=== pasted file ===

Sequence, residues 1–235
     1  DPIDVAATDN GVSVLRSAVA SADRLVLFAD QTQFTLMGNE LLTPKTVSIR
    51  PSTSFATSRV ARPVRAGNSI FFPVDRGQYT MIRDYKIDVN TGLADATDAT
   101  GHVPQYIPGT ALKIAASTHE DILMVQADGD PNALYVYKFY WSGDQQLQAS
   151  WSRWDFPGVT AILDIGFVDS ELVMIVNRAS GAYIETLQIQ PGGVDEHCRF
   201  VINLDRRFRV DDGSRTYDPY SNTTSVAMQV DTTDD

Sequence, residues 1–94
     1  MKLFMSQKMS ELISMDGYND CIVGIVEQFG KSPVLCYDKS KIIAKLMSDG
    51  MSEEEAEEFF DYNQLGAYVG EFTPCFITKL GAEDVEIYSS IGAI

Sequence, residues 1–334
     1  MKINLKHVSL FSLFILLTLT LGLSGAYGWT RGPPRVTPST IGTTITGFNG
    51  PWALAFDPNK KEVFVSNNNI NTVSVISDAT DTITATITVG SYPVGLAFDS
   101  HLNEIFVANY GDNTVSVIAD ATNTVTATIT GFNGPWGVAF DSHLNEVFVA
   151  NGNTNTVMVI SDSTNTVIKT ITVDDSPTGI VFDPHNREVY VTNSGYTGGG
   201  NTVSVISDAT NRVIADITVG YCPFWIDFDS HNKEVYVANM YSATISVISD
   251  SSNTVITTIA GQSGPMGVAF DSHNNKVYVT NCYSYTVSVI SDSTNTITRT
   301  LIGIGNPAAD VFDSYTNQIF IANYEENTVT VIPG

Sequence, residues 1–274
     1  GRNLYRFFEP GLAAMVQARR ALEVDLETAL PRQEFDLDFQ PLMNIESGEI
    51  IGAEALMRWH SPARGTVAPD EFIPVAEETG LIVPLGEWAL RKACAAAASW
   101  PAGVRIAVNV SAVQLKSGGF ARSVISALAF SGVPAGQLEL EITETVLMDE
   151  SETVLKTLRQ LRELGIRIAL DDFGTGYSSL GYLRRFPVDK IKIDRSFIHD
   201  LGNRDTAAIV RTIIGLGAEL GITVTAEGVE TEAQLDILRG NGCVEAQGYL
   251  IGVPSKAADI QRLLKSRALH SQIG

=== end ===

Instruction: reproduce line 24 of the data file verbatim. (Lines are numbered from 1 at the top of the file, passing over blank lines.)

   251  IGVPSKAADI QRLLKSRALH SQIG